A great musical will pull the audience into the story and touch their hearts through its songs. Check out these tips on how to write a great musical:
Watch musicals to find inspiration for what you want your musical to be like. Study a wide variety to see which style you gravitate towards. It is often easier to find a film adaptation rather than the live version, but try to catch it on stage if you can. Here is a short list of musicals to check out: Porgy and Bess, Chicago, A Chorus Line, Rent, My Fair Lady, Wicked, The Music Man, Hairspray, Westside Story, The Sound Of Music, Hair, Carousel, Guys And Dolls, and the list goes on!
Write an outline for your story. Begin to write the dialogue (book) following the same principles you would for writing any story. Focus on the characters motivations and conflicts. You can follow the classic three-act (Aristotelian) structure: introduction of characters/conflict, conflict escalation, the resolution.
When you decide to write the music and lyrics into the story depends on what works best for you. It also depends on if you are collaborating with another person to develop the music or lyrics. In collaborations of Larry Hart and Richard Rogers, they usually worked on the songs before the plot was developed (“The Lady Is A Tramp”). In Oscar Hammerstein’s work with Rogers, the book and lyrics were produced before the music (The Sound Of Music, Oklahoma!, The King And I).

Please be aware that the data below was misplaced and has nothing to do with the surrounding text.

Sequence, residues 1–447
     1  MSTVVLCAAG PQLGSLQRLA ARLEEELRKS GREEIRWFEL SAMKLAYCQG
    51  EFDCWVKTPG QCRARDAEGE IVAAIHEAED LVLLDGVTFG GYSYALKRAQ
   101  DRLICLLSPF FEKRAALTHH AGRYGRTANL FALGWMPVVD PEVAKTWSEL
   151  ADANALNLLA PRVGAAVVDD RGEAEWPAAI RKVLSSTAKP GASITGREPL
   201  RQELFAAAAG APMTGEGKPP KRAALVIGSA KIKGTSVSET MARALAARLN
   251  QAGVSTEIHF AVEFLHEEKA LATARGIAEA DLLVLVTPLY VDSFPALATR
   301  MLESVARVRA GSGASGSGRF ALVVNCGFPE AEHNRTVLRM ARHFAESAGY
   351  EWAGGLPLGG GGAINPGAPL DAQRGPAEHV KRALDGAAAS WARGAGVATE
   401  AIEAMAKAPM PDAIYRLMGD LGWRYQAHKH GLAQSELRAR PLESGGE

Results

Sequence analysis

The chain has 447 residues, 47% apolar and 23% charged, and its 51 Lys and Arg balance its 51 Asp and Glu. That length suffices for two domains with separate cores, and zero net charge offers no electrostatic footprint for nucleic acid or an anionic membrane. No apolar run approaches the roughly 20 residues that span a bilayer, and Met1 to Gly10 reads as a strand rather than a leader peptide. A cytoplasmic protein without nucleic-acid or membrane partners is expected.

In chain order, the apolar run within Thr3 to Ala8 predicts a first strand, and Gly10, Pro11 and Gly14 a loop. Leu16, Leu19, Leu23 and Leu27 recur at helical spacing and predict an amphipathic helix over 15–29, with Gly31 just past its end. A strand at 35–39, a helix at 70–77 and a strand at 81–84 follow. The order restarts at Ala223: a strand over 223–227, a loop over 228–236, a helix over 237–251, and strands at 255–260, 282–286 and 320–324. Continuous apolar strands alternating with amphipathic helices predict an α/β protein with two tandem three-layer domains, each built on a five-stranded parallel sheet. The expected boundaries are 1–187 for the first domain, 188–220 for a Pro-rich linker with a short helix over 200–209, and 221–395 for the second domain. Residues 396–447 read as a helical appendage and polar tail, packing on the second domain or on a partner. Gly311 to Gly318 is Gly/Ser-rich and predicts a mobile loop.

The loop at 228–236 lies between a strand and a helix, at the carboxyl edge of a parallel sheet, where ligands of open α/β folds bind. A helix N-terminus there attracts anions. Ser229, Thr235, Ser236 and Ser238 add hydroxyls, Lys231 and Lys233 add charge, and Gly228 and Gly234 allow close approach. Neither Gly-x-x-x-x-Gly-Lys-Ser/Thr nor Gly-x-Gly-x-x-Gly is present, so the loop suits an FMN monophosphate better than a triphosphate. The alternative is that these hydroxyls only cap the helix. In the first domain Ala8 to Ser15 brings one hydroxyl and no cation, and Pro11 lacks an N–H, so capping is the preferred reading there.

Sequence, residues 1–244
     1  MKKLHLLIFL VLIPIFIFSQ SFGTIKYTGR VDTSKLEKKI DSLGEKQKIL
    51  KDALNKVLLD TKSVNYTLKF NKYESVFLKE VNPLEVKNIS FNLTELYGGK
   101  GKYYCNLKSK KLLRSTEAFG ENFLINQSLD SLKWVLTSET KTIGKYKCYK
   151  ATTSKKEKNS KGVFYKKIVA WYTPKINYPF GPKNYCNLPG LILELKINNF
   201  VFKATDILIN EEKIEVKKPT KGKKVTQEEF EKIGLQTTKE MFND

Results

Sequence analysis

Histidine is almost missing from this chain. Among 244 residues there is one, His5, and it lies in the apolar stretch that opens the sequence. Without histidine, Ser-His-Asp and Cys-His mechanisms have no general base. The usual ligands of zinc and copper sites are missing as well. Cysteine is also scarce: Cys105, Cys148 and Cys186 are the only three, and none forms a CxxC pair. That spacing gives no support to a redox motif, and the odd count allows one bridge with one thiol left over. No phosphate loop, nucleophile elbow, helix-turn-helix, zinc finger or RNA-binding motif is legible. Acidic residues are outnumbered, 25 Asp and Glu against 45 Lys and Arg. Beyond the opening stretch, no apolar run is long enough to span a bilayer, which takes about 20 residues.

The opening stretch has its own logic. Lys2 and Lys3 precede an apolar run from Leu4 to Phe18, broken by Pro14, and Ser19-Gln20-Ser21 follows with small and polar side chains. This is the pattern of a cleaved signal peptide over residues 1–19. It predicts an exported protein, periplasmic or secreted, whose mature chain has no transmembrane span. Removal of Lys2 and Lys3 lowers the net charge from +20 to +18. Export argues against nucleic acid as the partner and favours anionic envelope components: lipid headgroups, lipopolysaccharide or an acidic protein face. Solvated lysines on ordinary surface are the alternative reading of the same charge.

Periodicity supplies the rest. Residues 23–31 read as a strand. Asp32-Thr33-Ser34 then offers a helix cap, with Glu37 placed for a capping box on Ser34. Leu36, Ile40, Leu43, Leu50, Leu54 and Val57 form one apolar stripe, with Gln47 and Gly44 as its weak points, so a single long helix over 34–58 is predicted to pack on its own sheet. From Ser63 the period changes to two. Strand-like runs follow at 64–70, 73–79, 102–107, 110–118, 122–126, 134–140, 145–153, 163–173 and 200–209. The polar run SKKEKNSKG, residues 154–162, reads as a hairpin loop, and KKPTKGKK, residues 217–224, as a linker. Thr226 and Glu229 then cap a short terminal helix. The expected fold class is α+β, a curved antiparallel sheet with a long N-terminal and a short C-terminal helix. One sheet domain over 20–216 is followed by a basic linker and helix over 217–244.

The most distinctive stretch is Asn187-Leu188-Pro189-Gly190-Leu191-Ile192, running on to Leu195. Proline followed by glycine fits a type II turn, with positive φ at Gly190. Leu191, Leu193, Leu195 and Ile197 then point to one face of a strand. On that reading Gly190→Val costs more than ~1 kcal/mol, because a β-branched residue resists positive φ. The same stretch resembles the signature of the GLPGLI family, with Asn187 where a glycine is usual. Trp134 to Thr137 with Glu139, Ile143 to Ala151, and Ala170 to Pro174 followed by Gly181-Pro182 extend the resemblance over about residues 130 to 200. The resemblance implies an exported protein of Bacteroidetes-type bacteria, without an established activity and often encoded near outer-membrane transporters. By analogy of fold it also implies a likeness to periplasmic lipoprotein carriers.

Write songs that express the themes of the play and the character conflicts. The songs need to drive the story in the same way that the dialogue does. Cut out songs or dance numbers don’t serve the immediate purpose of the story.
Many of the classic musicals include an overture in the beginning of the story that introduces the characters and the world of the story. Consider adding this classic element to your musical. You can also have the overture repeat itself throughout the play, reminding the audience of a current theme or emotional element in the story. This can repeat in a different key or be sung by different characters in the story.
After you have completed your first draft, get feedback from your friends and other writers. If you are connected to a community theatre, have some theatre artists workshop your play to see what works and what needs to be cut out. This is a great way to edit your musical based on what you know will play well on stage. All Broadway musicals follow a similar workshop process and are constantly in the state of revision for weeks.